Cărbinariu states that putting everyday lives in the theatre is a subversive act in Romania and no doubt this is what attracted the programmers. Unfortunately, the work seems somewhat contrived, its tone naive in an international festival where the context is starkly different. In a way the programming of this show for the festival mimics the very questions of consumerist ideologies posed by the company—and the power of their production is diluted as it becomes part of the marketplace it is questioning.

La imaginación del futuro

Further questions of political context are posed in relation to Chilean theatre company La Re-sentida’s La imaginación del futuro which replays the military coup and mysterious death of Salvador Allende on 11 September 1973. The brute force and energy of this young ensemble is undeniable; however, rather than the future implied in the title we are presented with a past reimagined with irreverence and humour. Allende is surrounded by political advisors at every turn trying to enact influence, minimise damage and create spin with the construction of his famous final address filmed and re-filmed. The backdrops, costumes and the speech are manipulated and reconstructed in a live video feed. In a triumphant moment for the advisors, huge banners of Che Guevara, Fidel Castro and Salvador Allende are unveiled during a dance routine to Latino-American hip-hop group Cypress Hill.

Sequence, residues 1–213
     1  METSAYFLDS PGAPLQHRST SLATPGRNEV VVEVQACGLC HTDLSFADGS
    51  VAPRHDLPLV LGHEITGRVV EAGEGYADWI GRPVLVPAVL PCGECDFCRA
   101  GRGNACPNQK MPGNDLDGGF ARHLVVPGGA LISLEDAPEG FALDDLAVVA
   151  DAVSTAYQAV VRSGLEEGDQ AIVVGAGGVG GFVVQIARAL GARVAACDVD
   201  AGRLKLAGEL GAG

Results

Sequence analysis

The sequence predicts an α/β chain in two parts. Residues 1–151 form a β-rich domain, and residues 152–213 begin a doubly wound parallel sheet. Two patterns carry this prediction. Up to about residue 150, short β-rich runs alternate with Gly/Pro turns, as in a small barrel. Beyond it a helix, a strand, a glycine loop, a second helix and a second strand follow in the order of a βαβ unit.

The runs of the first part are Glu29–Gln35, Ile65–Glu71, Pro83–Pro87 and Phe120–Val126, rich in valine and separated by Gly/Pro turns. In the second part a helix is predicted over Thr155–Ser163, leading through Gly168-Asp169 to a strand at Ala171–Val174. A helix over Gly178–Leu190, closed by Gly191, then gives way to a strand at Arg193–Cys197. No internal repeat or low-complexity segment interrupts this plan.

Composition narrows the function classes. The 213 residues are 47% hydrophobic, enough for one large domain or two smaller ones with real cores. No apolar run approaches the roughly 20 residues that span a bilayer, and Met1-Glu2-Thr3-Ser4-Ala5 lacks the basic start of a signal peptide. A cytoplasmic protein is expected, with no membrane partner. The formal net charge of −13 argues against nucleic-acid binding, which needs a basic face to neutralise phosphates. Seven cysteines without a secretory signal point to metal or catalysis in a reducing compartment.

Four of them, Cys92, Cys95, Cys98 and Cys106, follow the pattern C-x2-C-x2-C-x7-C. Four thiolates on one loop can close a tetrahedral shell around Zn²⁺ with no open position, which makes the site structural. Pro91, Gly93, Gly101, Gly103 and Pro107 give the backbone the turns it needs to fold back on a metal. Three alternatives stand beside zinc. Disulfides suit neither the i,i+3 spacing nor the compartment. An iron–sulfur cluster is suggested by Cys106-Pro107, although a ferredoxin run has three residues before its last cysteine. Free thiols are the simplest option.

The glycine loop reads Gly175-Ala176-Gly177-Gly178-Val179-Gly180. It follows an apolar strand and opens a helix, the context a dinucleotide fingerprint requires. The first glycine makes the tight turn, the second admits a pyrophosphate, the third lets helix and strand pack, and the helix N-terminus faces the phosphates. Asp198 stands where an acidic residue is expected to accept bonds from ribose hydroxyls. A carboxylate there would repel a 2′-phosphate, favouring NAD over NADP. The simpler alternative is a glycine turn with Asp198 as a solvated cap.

La Re-sentida poses the question of how Chile became a dictatorship after the death of Allende and how the construction of truth and mythology is continually remade. Although these are worthwhile questions, the ensemble’s response suggests cynicism rather than proposing any liberating action. As spectators we embrace the show’s surface and join in mocking the past. However, the present tense cynicism of the production diffuses the possibility of any political action as we realise our own impotence.

While La Re-sentida have power in their analysis, their discourse fails to move on from political rhetoric while drawing a new, less nostalgic view of Allende. La Re-sentida have bravado, enthusiasm and wit, but do not transform their questions into action that results in true political engagement for the spectator.